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Student Worksheet

Activity 2:

Finding the percentage of water of crystallisation in hydrated iron(II) sulfate

Objective

Be able to heat a hydrated salt to remove water only.

Be able to measure mass changes accurately.

Be able to calculate the percentage of water present.

Safety

Wear eye protection.

Use crucible tongs to avoid burns.

Gentle heating should be carried out with care and heating should be stopped if white clouds are produced.

Iron (II) sulphate is harmful

Harmful

Procedure

1. Weigh a crucible with its lid.

2. Add between 1.30g and 1.50g of hydrated iron(II) sulfate crystals, FeSO 4 ·xH 2 O. Reweigh the crucible.

3. Place the crucible containing the hydrated iron(II) sulfate crystals on the pipe clay triangle and gently heat for two minutes whilst carefully moving the crystals with a spatula. You should avoid the formation of brown iron (III) oxide if possible.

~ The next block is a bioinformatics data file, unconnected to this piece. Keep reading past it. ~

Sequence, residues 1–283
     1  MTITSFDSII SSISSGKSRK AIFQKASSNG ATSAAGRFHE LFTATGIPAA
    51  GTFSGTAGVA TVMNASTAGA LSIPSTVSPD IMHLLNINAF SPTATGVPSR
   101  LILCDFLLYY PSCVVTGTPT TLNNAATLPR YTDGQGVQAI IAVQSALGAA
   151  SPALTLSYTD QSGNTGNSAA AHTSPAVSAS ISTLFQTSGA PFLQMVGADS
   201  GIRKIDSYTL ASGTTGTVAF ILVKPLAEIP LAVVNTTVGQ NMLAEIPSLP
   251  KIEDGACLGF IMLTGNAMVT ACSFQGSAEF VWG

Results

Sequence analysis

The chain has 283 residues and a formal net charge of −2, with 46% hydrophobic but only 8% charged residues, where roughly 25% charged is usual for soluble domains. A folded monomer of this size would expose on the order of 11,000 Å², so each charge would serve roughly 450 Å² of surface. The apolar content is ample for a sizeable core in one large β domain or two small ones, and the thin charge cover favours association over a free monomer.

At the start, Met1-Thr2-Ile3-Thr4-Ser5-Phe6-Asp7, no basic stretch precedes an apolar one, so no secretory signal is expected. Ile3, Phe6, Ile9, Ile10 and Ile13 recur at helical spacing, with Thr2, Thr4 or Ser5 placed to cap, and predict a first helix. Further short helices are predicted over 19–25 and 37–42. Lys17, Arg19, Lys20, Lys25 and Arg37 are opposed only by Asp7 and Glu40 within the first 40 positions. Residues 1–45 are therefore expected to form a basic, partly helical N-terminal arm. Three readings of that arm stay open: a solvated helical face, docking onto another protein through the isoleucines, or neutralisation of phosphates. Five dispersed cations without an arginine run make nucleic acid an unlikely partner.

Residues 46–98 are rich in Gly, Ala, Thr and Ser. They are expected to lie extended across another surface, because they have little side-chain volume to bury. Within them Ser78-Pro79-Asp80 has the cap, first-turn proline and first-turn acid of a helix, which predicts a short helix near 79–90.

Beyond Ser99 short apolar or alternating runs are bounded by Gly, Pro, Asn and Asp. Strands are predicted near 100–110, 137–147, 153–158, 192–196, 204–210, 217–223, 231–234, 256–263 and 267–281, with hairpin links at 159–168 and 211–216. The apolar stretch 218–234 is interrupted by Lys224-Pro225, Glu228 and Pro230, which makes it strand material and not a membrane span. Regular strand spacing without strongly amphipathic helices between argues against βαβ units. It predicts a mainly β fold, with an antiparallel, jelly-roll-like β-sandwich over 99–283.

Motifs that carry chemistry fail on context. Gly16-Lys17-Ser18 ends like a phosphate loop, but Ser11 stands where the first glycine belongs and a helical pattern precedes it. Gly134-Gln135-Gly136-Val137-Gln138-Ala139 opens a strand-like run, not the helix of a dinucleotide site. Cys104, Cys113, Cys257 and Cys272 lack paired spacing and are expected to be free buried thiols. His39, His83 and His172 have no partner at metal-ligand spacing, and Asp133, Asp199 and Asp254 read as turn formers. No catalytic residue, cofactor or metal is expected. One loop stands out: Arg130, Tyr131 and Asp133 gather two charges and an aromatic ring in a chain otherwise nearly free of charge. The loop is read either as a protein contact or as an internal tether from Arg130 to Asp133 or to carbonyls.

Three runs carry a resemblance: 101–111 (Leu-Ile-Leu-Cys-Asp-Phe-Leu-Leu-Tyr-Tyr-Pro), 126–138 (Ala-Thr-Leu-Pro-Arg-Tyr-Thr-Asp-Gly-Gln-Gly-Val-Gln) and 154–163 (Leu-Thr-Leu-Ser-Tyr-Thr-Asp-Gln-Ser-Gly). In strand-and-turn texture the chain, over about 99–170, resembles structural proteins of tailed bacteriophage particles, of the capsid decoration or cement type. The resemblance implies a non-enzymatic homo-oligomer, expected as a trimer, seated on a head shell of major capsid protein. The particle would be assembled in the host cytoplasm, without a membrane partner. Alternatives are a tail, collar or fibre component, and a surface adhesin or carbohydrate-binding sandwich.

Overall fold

4. Allow to cool and weigh the crucible, lid and its contents.

5. Reheat the crucible and its contents and reweigh.

6. Continue reheating and reweighing until constant mass is observed.

7. Record the colour of your final product.

Equipment/materials

Hydrated iron(II) sulfate, FeSO 4 ·xH 2 O

Crucible and lid

Weighing bottle

Crucible tongs

Bunsen, tripod and pipe clay triangle

Mass balance

Spatula

Heat-proof mat

Data

The following data is for the calculation of the value of x only:

H = 1.0, O = 16.0, S = 32.1, Fe = 55.8

Analysis of results

Calculate the mass of hydrated iron(II) sulfate.

Calculate the mass of water driven off.

Calculate the percentage by mass of water in the crystals.

Your teacher may give you further information to allow you to calculate the value of x in FeSO 4 ·xH 2 O.

From the examiner…

If a salt can decompose, it is important to heat gently to avoid thermal decomposition of the salt.

Record masses to the number of decimal places appropriate for the balance used.

Consider how many significant figures to use within the calculation.